Meditation: Headspace, Basics #4 Length: 11 minutes Where: Home Office/Guest Room, Los Angeles How It Felt: Uncomfortable
I decided to commit to meditating earlier today. I want to try to move closer to a morning routine (I am not a morning person, so this is a feat I’ve been attempting for years) and I would love meditation to be a part of that. Plus, I didn’t want to be distracted thinking about it all day and worrying I wouldn’t do it.
However, I hadn’t worked out yet, had yet to do yoga, hadn’t even really stretched much or moved around a lot. I didn’t think about it, but it really affected my comfort level! It was so hard to sit still. All I felt was the ache in my back, even though I was sitting on my fabulous meditation cushion (thanks Madie!), the tightness of my shoulders, my jaw, my neck. I kept fidgeting, wanting to move around, try to get more comfortable.
I felt like a little kid sitting through church. I could not focus!
I did what the voice told me, and tried to focus on my breath. It was a long eleven and a half minutes, honestly.
BUT- I showed up! And I sat. And I tried. And I learned.
Headspace has a lot of little extra features like motivational videos and such, and today, front and center, was an “Energy Shot” video featuring Kevin Hart. It was a short, one minute, mostly animated video featuring the word “didgeridoo” repeatedly, but it made a great point. So much of life is just showing up! (90% of life, actually, if you trust the statistical wisdom of my college Body Movement instructor, which I do.)
I was thinking about that as I writhed in toddler-like discomfort today. Was I doing it perfectly? Nope. But did I show up? Yes sir, I did. Just like I said I would. And I learned a lesson! My perfect morning routine probably includes some yoga or movement before I meditate. A simple fix, and something I hadn’t thought of as important before. Now I know.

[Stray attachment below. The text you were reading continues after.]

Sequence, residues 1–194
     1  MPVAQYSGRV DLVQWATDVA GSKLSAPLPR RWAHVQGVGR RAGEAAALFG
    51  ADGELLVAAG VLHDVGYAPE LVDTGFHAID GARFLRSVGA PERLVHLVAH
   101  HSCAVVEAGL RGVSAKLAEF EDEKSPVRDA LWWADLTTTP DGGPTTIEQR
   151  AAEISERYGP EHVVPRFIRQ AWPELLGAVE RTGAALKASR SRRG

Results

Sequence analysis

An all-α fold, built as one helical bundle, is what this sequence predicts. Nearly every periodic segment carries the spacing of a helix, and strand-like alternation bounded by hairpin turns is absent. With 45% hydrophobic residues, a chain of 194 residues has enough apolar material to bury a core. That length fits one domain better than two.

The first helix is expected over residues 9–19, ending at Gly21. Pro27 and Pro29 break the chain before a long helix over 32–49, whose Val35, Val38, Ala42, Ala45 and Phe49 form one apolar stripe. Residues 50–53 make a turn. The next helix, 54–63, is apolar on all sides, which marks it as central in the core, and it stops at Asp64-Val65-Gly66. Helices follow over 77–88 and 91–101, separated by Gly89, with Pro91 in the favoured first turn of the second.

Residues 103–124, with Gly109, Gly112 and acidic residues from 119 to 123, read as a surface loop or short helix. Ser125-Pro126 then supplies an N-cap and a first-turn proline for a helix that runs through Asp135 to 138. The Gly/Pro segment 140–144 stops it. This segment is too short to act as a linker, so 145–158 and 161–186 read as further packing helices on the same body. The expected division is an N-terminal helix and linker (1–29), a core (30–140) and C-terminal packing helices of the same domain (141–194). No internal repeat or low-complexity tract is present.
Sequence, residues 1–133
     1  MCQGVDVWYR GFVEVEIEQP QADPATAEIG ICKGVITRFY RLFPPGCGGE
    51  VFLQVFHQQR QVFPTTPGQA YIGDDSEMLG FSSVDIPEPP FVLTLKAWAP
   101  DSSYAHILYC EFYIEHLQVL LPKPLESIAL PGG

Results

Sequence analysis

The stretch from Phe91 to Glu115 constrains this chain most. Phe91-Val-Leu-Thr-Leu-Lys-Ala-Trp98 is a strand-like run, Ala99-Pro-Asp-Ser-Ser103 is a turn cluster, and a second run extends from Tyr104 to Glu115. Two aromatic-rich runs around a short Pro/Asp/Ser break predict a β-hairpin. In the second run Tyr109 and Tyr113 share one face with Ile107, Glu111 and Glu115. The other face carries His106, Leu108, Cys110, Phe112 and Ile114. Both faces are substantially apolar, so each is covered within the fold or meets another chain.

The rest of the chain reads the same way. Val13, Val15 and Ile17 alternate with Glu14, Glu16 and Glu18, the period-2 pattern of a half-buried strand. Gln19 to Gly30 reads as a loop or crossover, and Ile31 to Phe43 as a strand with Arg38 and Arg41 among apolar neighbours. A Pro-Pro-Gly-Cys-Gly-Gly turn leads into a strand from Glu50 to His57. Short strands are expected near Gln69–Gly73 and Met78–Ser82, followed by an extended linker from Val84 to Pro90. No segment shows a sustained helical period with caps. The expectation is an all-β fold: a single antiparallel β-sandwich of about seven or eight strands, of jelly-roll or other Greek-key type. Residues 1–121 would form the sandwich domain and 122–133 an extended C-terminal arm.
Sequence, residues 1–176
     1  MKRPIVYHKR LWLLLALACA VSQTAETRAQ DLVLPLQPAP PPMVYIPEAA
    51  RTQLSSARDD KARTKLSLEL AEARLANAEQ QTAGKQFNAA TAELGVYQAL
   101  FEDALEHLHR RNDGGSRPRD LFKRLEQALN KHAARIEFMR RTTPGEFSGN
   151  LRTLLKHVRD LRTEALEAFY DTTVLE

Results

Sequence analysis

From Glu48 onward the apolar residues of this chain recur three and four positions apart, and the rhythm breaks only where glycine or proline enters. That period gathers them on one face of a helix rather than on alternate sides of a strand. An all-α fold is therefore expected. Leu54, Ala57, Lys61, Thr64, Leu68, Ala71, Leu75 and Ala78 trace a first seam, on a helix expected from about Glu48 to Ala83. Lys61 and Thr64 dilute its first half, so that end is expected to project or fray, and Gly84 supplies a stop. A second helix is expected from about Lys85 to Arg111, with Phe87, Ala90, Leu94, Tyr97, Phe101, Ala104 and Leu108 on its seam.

I’ve not always been a consistent “show up” person. I tend to overbook, overcommit, then burn out. I say “yes” when I should say “no” to make room for the things that are more important. I have historically forgotten to schedule “introvert” time in between activities (although I have definitely gotten much better at this over the past few years) and so I end up canceling whole days just to rest my overly social brain. I get FOMO (are we still allowed to use that term in 2021?) just like every Millennial on the planet. I struggle with balance.
One of the blessings I can find in the difficult year of 2020 is that it sort of wiped the slate clean. Everything disappeared for a while, and I was able to really assess which things I missed and craved, and which activities (and people) I could really do without. There was, amidst the stress, fear, tragedy, and uncertainty, a restart, a clearing out, that gave many of us a lot of perspective.
Just like when I KonMari….d? (What is the past tense form of this word?) Let’s say…. when I purged my home of so many objects that didn’t “spark joy,” I realized which objects I valued and cherished. I feel the same about how I use my time now, and I really believe it’s allowing me to show up for those things I always felt were important but didn’t know how to make time for in my cluttered life.
It will be interesting to see how this year goes, especially at whatever point life gets back to “normal” (and oh, please, let it be a “new” normal, because we can definitely do better than how we were living before all this). We always hope all our lessons stay with us, but it’s very easy to backslide into old habits.
Hopefully, by then, I’ll have built enough steady habit loops to stick with the stuff I’ve deemed a priority! One hopes. But also, more importantly, one plans.